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Yamaha M7, Never used a Digital Board before, tips/tricks?

Discussion in 'Sound, Music, and Intercom' started by Sony, Jun 16, 2009.

  1. Sony

    Sony Active Member

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    Okay, I'm running sound at The Zeiterion in New Bedford, MA in a couple days (25th, 26th and 27th) and I'm hoping I haven't bit off more then I can chew. They have a Yamaha M7 board and I have never used a digital board when running a show before. I've used many Analog Boards from Soundcraft, Mackie and A&H and that stuff is no problem for me.

    So here's the question, what do I need to know about mixing with a Digital board like this that is different from an Analog board? Is there like, an offline editor that I could download and play with beforehand to get familiar with it?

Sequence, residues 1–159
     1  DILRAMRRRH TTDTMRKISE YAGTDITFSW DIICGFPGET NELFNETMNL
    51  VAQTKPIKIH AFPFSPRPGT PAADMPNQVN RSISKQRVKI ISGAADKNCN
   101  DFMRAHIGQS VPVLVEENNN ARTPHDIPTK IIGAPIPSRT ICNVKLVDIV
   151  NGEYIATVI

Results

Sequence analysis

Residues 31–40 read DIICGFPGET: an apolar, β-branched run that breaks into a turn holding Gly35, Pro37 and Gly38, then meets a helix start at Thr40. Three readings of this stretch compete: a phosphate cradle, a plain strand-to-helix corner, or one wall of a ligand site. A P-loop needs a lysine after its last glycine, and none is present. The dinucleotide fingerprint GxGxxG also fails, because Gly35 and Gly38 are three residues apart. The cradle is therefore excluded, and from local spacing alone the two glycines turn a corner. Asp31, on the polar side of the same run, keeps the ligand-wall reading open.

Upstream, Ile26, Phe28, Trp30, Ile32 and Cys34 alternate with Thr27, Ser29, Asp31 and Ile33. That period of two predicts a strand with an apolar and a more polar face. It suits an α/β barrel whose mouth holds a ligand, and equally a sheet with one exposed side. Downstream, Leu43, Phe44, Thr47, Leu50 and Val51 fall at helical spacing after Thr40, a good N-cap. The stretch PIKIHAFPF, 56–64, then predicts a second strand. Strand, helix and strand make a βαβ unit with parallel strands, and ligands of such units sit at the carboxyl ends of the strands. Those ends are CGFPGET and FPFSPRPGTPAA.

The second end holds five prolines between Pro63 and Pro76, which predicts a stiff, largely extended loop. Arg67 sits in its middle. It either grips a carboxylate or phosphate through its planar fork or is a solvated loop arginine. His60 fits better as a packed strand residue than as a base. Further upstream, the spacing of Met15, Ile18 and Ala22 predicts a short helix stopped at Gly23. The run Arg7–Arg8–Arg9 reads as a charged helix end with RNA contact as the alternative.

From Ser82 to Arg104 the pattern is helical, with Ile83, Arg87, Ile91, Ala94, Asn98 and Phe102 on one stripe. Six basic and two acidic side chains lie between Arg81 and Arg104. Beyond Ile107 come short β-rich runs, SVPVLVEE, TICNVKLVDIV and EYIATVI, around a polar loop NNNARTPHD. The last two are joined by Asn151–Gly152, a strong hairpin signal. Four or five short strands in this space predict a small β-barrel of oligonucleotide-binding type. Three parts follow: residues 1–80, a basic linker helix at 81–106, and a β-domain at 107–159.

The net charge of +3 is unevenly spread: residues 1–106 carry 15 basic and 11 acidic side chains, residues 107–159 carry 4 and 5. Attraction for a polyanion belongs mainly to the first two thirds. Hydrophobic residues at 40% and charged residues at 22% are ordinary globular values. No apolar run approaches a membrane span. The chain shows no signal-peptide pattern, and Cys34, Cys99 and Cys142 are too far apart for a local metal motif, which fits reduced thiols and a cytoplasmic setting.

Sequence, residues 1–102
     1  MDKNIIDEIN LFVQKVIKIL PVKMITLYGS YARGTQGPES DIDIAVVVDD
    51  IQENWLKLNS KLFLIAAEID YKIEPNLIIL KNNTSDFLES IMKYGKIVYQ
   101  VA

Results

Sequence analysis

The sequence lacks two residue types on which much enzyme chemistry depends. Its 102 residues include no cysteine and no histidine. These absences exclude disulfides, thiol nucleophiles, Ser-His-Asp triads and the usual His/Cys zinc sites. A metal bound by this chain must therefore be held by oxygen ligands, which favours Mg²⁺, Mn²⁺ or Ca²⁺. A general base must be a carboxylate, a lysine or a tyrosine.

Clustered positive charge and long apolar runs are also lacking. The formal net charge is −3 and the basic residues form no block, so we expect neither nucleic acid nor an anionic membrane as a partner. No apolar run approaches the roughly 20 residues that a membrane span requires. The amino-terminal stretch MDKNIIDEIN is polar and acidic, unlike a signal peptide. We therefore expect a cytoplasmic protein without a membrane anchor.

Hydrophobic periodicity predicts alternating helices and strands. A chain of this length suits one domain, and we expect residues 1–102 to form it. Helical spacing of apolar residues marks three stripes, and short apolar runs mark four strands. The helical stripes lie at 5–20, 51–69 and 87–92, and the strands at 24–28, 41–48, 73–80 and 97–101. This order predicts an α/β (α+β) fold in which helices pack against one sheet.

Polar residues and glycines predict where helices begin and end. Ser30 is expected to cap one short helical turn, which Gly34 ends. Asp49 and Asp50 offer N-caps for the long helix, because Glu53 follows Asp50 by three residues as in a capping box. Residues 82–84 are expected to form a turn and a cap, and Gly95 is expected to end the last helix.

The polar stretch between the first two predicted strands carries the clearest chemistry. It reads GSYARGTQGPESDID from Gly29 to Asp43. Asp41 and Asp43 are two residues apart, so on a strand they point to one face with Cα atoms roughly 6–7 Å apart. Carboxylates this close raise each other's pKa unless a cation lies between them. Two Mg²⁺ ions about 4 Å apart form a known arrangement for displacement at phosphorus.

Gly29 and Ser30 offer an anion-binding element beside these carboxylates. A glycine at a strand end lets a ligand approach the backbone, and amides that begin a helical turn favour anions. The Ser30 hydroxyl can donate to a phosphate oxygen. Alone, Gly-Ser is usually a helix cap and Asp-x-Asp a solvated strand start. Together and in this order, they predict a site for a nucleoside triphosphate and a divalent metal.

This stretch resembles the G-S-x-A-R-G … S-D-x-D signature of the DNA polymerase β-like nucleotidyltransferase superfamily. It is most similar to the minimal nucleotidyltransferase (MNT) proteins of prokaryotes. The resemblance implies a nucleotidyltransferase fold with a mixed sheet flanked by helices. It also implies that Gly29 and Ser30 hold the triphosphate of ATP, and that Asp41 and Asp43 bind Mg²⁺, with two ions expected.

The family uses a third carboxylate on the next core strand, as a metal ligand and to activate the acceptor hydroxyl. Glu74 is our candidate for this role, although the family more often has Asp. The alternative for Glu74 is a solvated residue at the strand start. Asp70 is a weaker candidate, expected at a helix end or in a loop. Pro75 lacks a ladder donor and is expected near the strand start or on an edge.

Also, what is the standard procedure for a sound check in a prefessional environment? I've only done high school and college shows so far and I want to be crystal clear on what I should and should NOT do in a professional environment. On my list so far I have, Check/Change Batteries, Check Packs to make sure they are working, and then Check Levels. Is there anything else I should do?

    Thanks Guys!
    -Sony
     
  2. soundlight

    soundlight Well-Known Member

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    First time at a digital mixer:

    1) Learn the concept of Selected Channel. The channel that is selected is the one that you control

    2) Use your resources. You have full parametric EQ as well as two dynamics units on each channel, and you have built in effects processors.